Environmental Impact of the Textile & Fashion industry by Ariana
For decades fashion has been trend after trend, it used to be about one per year, now is per season and if we keep at this pace it will be per week. The fast fashion industry has made it easier to buy more clothes more times per year, given that it has figured out a way to create more and cheaper clothes, which usually end up in the dumpster really quick, given its poor quality materials and manufacture process. Some may believe it’s not a big deal or doesn’t give it much thought, but all these processes make the textile industry a huge pollutant, it produces around 10% of all carbon emissions, the equivalent to international flights and maritime shipping together, and even more, especially with the growing population and the fast fashion trend, which demands more clothes in less time. Maybe you think it’s not your problem or there’s nothing you can do about it, but if there is no demand there is no supply. First, you must choose wisely the clothes you buy, think it thoroughly, choose local and quality first, even if it’s more expensive than buying fast fashion brands. Second, take good care of them, that way you will save money by giving your clothes a longer lifespan. Third, when they get minor damage or a fixable one, learn how to do it or take them to a seamstress. Fourth, if you don’t want a garment anymore, because it doesn’t fit you or you just don’t enjoy wearing it and it’s in good condition donate it, resell it, lend, give or exchange to a friend or an acquaintance. Another option is thrift stores, buying there has several advantages, among them, are water savings, less contamination due to carbon dioxide emission and less trash ends up in landfills. Even if you don’t like the idea for yourself, you should always give it a try, if you still don’t like it, then try to always wear out the clothes you buy, because even though thrift stores are better for the environment than people throwing out clothes in good condition, it’s better if you use it through all its lifespan, so it doesn’t have to go through disinfection processes or more shipping. Besides, more people are buying clothes and getting bored of them faster, so the donations have increased through the years and a lot of them don’t even end up with other people wearing them, instead they are recycled to produce other products or incinerated to generate electricity. We are yet to create a circular economy in the textile and fashion industry, there is already on-going research about recycling clothes completely and even textiles made of mixed fabrics, and we can’t do anything about it but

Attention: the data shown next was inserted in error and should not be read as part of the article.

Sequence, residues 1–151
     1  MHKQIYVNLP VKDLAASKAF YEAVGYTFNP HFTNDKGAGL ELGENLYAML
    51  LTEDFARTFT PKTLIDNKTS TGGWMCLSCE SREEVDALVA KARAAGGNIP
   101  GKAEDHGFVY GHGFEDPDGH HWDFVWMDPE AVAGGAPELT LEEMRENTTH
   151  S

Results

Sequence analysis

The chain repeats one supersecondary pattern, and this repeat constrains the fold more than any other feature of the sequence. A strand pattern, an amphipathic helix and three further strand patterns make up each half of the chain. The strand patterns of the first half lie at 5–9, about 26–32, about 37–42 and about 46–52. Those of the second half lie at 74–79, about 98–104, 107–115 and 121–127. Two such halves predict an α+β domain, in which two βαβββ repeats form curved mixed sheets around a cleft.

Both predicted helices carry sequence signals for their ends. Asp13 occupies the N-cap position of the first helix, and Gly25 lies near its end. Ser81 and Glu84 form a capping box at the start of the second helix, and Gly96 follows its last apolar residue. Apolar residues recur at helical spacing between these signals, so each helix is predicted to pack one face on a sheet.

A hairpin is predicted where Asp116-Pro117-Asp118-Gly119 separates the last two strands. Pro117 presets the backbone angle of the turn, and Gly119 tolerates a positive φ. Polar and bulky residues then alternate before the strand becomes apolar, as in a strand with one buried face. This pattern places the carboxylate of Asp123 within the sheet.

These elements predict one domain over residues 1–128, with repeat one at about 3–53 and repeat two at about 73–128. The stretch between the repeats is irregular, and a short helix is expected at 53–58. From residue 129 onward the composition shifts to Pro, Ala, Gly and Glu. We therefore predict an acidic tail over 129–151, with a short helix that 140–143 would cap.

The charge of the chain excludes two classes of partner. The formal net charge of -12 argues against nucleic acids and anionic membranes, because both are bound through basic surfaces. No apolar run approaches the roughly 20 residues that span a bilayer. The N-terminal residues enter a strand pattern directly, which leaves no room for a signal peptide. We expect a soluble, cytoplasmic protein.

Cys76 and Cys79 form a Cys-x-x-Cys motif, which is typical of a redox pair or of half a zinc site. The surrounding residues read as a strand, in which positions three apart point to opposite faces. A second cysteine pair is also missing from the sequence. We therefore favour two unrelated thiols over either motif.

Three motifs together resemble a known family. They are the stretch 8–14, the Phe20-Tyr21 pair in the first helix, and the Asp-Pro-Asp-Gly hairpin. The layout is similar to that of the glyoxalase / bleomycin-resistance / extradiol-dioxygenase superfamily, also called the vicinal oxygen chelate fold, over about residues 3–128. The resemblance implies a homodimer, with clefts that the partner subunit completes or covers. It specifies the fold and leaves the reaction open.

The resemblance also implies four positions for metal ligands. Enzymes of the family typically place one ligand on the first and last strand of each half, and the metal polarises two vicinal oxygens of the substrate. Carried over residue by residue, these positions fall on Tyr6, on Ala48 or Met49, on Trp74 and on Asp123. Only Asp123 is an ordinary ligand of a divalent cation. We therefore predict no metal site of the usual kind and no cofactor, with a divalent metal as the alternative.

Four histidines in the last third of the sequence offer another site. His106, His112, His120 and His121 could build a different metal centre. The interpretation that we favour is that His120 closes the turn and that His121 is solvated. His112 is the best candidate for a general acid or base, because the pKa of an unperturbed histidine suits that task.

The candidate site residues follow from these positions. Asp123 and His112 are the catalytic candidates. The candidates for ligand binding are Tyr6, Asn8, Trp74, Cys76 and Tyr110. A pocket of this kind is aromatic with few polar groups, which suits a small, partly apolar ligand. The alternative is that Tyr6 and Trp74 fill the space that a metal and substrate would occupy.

what we can do is have more environmentally friendly consumer practices, educate and inspire others because not everyone is aware of the environmental impact of this industry.
------------------------- About the Author Ariana is a 17-year-old high school graduate, taking a gap year while being part of the environmental organizations such as Fridays For Future Costa Rica and We the Planet Latin America, trying to do her part in making a better world.